The transmission also differed across the pond, with 4-speed transmissions standard in the UK and U.S. models receiving a center-change 3-speed transmission. Both transmissions utilized a single dry plate crutch, and the gearbox connected through a rubber coupling to the clutch and through a torque tube enclosed drive to the rear differential, a carryover from the earlier Silver Ghost designed to reduce vibration.
British Phantom Is retained oil lubrication through up to fifty Enots nipples, which would attach to a special Enots oil pressure gun for attention at intervals of 500, 1,000, and 2,000 miles. The American Phantom I was more streamlined with a Bijur centralized oiling system that connected all of the oiling points, oiling them with a single pump stroke. The U.K.-built Phantom I kept the Silver Ghost’s tank-located fuel gauge, but some American models began placing a fuel gauge on the dashboard, as most cars have today.
Both were built with the same standard 7668 cc inline-six engine from Rolls-Royce, a new pushrod-operater overhead valve (OHV) valve engine that improved upon the side valve version from the Silver Ghost and allowed the Phantom I to reach speeds up to 80 or 90 mph. The engine was constructed with three groups of two cylinders with detachable heads with a 4.25 in. bore and undersquare 5.5 in. stroke, giving a total 467.9 cubic inch displacement. The cylinder heads were upgraded from cast iron to aluminum in 1928, but this eventually caused problems with corrosion.
Gatsby’s American-built Springfield Phantom I Brewster “Ascot” tourer was given orange New York license plates #2R-8-72, dated to 1925. Although Gatsby’s car is given some spectacular driving scenes in the 2013 version, it should be noted that the 2013 film used a reproduction Dusenberg, while the 1974 film used a genuine antique Gatsby-era Rolls.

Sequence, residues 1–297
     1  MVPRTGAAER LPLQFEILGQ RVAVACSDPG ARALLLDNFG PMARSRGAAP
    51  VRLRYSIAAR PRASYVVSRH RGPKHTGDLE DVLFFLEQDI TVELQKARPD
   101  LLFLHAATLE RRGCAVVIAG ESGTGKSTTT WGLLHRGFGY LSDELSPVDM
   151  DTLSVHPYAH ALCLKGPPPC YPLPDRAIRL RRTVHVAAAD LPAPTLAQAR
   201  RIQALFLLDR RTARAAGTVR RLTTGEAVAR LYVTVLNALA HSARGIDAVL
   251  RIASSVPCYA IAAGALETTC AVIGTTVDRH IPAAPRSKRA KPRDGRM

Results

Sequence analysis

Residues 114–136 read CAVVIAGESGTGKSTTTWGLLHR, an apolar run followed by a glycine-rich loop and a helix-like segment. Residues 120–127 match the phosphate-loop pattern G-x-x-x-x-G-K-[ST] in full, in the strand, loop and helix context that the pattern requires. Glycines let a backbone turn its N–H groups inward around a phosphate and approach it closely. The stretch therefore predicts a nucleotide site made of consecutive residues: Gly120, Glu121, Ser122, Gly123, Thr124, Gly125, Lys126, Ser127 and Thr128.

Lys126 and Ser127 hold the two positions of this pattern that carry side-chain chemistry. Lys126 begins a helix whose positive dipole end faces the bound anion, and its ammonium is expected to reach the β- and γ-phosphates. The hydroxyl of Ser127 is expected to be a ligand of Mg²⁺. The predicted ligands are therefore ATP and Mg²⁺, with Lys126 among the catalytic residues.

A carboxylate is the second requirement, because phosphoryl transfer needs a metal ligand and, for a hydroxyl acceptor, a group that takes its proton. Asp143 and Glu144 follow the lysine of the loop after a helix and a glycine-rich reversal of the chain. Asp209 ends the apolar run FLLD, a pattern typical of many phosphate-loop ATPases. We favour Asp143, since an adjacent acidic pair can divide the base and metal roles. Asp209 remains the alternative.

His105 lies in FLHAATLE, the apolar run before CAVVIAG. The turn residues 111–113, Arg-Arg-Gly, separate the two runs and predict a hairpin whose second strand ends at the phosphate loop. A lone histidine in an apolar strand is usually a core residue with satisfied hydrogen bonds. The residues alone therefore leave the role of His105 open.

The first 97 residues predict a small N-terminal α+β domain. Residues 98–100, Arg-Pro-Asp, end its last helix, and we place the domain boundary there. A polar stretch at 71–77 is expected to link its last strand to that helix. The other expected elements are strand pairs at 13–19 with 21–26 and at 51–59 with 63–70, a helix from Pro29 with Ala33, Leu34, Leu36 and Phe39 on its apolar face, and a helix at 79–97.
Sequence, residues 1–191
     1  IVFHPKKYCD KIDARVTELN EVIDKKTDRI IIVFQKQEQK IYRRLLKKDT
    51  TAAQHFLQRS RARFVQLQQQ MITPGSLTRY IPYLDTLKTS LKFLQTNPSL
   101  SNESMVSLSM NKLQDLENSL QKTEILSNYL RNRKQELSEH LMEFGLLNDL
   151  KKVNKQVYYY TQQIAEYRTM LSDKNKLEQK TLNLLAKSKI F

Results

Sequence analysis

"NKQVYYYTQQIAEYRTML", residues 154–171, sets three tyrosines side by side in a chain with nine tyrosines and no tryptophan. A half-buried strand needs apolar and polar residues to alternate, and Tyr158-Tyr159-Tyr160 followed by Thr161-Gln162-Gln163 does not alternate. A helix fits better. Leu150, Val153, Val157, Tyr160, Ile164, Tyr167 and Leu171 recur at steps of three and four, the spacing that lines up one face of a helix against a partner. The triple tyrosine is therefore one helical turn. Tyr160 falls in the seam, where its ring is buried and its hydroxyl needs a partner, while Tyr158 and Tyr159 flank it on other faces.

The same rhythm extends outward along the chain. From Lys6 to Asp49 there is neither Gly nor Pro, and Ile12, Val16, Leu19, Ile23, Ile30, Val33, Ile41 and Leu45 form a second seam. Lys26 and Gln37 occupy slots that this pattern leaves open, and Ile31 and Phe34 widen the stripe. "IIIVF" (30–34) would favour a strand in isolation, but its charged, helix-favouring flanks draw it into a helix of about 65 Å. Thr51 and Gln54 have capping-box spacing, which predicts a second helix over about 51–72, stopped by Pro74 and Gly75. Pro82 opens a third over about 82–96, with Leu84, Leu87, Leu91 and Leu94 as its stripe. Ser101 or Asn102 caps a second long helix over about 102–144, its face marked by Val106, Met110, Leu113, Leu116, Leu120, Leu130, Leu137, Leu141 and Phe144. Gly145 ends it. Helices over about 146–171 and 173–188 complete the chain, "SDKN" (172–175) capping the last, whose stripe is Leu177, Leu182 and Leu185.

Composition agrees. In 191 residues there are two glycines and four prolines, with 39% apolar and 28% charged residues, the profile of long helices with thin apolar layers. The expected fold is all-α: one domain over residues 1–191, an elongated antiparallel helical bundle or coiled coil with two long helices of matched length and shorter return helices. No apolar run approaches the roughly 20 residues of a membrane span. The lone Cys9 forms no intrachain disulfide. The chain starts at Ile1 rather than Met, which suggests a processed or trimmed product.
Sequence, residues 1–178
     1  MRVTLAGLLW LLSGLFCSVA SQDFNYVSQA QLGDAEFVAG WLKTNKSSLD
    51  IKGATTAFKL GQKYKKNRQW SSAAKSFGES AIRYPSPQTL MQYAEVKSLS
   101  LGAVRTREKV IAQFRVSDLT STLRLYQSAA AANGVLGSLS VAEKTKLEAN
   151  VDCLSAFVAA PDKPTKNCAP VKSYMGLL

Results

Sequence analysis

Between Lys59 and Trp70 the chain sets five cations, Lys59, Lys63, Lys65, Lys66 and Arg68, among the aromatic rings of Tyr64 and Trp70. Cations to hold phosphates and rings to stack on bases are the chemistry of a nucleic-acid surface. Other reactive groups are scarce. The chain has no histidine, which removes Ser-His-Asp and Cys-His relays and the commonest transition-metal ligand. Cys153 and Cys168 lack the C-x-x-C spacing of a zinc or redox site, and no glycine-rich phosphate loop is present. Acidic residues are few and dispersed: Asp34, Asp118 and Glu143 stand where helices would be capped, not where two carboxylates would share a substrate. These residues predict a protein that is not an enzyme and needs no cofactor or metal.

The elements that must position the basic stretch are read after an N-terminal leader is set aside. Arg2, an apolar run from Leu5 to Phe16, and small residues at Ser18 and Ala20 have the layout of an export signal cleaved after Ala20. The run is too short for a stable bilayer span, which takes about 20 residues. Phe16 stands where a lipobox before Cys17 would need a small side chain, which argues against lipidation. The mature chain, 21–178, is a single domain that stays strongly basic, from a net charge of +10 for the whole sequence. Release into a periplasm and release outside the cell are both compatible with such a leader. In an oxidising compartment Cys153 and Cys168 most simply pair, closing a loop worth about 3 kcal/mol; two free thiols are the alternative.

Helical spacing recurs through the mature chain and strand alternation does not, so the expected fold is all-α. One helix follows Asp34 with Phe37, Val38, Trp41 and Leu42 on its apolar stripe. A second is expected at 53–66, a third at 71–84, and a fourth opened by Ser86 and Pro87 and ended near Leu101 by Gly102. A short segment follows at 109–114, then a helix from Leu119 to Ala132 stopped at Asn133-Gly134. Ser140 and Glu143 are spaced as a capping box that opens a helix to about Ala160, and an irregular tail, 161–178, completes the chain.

This car was sold by Bonhams for $238,000 in June 2009. The describtion for the car, lot 224, reads:
From the motion picture Great Gatsby starring Robert Redford, Mia Farrow, Sam Waterson and Bruce Dern,1928 Rolls-Royce 40/50hp Phantom I Ascot Dual Cowl Sport Phaeton Chassis no. S304KP
The site offers further insight into the car’s selection for the film:
Among the cars attracted to screen test for the part in Rhode Island was this Rolls-Royce, owned by Seekonk, Massachusetts collector Ted Leonard.
Leonard had the perfect Rolls-Royce, a 1928 Phantom I Ascot sport phaeton. Although it was a few years later than the early Twenties period of Jay Gatsby’s sojourn among the wealthy of suburban Long Island, it fit Scott Fitzgerald’s prescription: elegant, large, distinctive, fast and powerful…